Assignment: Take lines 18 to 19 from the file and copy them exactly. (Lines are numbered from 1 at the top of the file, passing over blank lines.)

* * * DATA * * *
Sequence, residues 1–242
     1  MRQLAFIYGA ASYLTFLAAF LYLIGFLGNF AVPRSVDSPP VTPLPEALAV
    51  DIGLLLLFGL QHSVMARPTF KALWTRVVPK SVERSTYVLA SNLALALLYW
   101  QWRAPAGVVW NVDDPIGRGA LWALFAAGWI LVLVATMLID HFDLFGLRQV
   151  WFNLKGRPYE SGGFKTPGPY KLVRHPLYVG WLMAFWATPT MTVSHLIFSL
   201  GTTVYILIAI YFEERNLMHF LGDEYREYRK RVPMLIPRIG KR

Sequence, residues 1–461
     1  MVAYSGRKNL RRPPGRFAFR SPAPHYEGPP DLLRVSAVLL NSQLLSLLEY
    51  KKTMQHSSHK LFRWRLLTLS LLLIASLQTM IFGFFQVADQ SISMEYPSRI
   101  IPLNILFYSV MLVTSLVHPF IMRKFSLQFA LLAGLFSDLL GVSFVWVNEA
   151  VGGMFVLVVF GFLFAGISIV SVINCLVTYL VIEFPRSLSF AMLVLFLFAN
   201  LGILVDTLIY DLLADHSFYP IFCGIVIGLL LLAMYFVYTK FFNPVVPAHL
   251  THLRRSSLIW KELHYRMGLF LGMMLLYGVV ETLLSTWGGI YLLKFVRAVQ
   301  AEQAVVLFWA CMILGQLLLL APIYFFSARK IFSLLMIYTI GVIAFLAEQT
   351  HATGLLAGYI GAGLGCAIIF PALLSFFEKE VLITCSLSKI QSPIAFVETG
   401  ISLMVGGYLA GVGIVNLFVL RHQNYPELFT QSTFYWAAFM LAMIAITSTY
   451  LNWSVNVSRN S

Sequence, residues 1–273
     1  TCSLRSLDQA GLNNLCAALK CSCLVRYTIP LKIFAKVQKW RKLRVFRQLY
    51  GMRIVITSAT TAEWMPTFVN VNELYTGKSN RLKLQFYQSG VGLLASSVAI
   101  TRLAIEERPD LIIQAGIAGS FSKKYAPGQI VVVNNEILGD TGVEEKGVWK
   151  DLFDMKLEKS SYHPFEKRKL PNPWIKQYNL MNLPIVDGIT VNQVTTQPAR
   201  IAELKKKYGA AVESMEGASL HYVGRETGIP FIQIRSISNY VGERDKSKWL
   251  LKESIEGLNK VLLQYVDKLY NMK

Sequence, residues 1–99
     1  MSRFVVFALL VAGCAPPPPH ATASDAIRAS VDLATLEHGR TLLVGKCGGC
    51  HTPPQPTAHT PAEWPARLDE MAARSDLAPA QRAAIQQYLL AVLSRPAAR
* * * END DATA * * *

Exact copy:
Sequence, residues 1–273
     1  TCSLRSLDQA GLNNLCAALK CSCLVRYTIP LKIFAKVQKW RKLRVFRQLY